## Monday, August 19, 2013

### Introducing Multi-Digit Whole Numbers in Standard Form, Words, and Expanded Form

Fourth graders usually have some background with writing numbers in standard form, words, and expanded form. To continue toward mastery of 4.NBT.A.2, I like to use dry-erase boards like this one from Really Good Stuff:

When we used these boards today, my students told me they'd used them in second and third grades too. Numbers they had experienced looked similar to the one shown above. Today we moved into the millions (and on their request, the billions!) Later this year we'll use these same boards for decimals.

After a review of how to write numbers in words and expanded form, I had students build numbers as I called out the value of each place. Here's an example:
• nine hundreds
• three ten thousands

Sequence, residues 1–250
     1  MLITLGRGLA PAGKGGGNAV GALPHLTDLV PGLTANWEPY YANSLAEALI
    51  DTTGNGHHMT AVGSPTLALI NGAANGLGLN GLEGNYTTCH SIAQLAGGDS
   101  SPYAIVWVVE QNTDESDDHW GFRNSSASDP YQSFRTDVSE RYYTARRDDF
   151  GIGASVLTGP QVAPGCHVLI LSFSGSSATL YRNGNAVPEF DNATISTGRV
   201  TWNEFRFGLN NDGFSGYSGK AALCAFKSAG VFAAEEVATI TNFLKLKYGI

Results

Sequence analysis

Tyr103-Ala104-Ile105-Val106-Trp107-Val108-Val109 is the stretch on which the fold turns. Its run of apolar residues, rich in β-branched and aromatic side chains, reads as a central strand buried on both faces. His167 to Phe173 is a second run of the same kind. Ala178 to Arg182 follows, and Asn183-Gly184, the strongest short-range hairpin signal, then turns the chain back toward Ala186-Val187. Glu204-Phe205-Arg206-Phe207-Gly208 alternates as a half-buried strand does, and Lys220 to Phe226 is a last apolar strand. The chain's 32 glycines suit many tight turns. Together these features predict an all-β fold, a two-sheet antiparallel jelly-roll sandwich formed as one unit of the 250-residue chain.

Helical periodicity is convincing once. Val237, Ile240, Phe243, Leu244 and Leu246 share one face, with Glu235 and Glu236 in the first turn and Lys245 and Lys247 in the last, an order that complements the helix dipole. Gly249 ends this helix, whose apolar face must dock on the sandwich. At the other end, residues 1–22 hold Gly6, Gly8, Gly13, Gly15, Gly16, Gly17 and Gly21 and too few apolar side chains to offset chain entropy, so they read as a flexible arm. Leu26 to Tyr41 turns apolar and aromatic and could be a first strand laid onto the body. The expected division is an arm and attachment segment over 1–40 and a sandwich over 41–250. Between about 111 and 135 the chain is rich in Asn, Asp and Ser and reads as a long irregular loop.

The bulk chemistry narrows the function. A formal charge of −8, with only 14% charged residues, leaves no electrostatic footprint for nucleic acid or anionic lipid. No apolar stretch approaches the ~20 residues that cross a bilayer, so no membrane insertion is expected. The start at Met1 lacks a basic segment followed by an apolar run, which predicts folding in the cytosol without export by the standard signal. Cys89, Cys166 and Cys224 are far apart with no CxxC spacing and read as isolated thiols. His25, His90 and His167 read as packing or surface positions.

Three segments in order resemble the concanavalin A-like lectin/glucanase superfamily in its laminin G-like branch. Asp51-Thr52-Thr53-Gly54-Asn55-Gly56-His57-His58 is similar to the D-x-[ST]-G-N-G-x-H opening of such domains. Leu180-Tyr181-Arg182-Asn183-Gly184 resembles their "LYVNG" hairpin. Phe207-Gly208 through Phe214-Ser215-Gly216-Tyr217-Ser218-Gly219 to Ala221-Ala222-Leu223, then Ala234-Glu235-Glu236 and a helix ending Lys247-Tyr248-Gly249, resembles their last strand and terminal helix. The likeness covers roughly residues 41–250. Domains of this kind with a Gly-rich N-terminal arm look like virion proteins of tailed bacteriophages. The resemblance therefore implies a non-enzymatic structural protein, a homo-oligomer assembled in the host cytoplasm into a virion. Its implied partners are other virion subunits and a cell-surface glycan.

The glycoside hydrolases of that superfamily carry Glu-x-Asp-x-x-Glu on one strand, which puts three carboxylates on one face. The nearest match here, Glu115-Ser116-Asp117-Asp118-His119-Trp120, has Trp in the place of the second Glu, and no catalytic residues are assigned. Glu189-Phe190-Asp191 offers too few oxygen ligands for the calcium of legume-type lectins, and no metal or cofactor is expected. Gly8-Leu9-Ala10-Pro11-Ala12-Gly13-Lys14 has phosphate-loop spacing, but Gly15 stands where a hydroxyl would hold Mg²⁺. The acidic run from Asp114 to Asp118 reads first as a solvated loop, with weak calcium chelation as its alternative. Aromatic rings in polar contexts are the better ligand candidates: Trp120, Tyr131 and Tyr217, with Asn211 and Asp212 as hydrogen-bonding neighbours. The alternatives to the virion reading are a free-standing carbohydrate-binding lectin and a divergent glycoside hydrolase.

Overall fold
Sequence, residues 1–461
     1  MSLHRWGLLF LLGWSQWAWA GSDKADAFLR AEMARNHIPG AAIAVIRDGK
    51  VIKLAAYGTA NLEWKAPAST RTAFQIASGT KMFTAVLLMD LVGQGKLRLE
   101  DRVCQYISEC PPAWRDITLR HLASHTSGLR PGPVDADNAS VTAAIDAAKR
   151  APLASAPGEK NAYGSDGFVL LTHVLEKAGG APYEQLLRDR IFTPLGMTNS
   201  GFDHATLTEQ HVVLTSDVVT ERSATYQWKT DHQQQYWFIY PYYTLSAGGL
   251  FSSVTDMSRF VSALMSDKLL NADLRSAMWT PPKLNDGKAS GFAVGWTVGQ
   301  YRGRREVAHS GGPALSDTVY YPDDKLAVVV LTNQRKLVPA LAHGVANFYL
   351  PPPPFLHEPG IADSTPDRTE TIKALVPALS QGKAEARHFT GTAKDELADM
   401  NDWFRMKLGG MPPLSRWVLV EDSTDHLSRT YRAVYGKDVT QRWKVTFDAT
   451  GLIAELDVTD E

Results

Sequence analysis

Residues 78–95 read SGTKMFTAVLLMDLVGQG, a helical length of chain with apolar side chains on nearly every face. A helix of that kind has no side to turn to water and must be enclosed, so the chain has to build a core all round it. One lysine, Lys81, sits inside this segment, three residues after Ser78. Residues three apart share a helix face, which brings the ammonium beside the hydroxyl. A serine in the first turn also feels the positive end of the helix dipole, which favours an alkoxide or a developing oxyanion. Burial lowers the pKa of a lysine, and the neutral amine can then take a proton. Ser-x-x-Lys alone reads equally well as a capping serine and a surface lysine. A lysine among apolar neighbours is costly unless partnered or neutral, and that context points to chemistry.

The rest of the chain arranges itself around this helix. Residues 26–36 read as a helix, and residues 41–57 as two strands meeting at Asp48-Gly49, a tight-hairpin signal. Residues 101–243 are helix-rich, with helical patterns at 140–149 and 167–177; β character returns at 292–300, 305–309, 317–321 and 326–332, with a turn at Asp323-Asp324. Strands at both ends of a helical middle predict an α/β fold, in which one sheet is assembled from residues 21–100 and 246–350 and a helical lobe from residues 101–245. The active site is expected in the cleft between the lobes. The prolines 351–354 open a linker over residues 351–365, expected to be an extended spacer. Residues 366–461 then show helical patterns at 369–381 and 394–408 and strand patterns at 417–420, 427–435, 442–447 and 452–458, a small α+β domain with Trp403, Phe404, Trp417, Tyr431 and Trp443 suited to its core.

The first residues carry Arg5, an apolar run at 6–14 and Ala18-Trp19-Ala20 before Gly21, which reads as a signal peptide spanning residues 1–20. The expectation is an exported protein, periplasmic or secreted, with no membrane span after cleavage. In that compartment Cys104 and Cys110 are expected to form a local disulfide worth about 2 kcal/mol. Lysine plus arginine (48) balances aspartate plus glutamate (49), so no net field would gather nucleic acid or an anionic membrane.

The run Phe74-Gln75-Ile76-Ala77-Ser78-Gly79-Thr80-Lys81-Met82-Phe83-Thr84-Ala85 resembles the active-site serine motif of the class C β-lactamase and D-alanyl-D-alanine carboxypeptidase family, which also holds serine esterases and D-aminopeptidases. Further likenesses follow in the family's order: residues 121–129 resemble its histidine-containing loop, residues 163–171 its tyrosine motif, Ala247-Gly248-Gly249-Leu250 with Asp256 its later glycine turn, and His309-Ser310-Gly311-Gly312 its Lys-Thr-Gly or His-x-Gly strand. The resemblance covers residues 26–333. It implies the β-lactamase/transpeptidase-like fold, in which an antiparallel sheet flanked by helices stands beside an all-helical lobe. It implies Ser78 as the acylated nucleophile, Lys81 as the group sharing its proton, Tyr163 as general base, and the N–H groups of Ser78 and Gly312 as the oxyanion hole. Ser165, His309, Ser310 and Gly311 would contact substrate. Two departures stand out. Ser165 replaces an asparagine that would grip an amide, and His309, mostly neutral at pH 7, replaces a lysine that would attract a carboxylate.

• five ones
• six tens
This left some places blank, and students were again required to hold the place value with a zero. After this, they wrote the number in standard form, words, and expanded form. As students finished each step, they flashed their boards at me for approval. Great formative assessment. What problem areas did we experience?
1. A few children had difficulty moving the number straight down to the standard form lines. This showed me that these students were not grasping the concept of place value.
2. Many children forgot to put commas after the period names or hyphens between the tens and ones places. It's typical, and I filed this knowledge away to review over and over this year.
3. Some students kept the tens and ones places (in one or more periods) together when writing expanded form. I had to remind them that EVERY non-zero digit is translated to a separate number when writing expanded form.
After this activity, each child practiced with traditional worksheets. Although this lesson is procedural, it's also conceptual. Don't underestimate its importance! When students understand and can manipulate place value for multi-digit numbers, they possess a sturdy foundation for the study of mathematics.